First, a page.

The work and the people.

In theory, the work should be something we can plan and manage logically. After each piece of work begins, there are a series of tasks to complete and problems to solve that continue on until the work is done.

Also in theory, the people doing the work should be able to coordinate their efforts through a simple exchange of factual information. When Fred completes task A, he marks it done, and Betty starts task B. When Alan runs into a problem with the work, he could write down the facts of the situation and send them to others for help – help they could then offer in any number of ways that do not involve a team meeting.

Clean, efficient, and logical. When the work is well understood and routine, this approach makes sense. The people doing the work click along like a "well-oiled machine".

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Topics: meeting design

Creating A Foundation for Changing Your Organization’s Meetings

Sep 26, 2016 by Elise Keith in meeting design (6 minute read)

Many people are unhappy with how their meetings work. Some of these people try to improve their meetings.

Of those who try to improve their meetings, a few achieve dramatic results.
Sweeping, business-changing, revolutionary improvement.

Others make small gains. One or two meetings run better, but the rest never rise above mediocrity.

The great majority of those who work to improve their meetings experience a momentary burst of effectiveness, which slowly deteriorates. The status quo reasserts, and the energy to change dissipates.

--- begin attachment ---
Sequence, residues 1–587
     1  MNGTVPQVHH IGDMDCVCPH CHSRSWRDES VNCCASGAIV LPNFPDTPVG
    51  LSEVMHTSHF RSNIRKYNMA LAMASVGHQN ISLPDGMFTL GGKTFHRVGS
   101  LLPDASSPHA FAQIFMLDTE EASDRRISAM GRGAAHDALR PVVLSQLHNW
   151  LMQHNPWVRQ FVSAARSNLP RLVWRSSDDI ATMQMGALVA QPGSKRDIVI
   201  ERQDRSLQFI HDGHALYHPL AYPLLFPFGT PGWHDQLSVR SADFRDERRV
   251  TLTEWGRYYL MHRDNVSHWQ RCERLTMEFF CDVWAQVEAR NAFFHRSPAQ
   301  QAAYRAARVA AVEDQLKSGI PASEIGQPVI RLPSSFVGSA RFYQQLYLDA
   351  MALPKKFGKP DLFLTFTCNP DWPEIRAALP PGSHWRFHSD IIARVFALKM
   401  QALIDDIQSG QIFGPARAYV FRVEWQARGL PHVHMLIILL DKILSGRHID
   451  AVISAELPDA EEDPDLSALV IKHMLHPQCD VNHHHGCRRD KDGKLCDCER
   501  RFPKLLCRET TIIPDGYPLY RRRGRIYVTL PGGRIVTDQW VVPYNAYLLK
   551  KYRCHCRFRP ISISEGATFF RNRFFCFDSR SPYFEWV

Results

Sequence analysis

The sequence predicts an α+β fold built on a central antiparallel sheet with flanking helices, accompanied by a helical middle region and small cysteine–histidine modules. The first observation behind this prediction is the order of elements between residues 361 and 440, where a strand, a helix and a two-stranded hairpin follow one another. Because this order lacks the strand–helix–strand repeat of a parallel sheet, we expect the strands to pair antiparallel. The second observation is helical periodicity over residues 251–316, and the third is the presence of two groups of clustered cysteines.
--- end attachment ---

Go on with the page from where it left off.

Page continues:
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Topics: meeting design

How to Run Kaizen Events to Improve Your Business Processes

Aug 12, 2016 by Dan Prock in meeting design (7 minute read)

Introducing Dan Prock
The Lucid Meetings team is delighted to welcome our newest template designer, Dan Prock. We met Dan through Ingrid Bens, and quickly realized he had specialized expertise that we were missing. Dan Prock helps businesses of all sizes implement lean practices that help eliminate process wastes and improve operations. Read on to learn about lean, kaizen, and how these practices that started in manufacturing are now revolutionizing the services and small business worlds.
— Team Lucid

Massaki Imai, the author of Kaizen, once said:

“The starting point for improvement is to recognize the need. This comes from recognition of a problem. If no problem is recognized, there is no recognition of the need for improvement. Complacency is the archenemy of kaizen.”

Recognizing and Eliminating Problems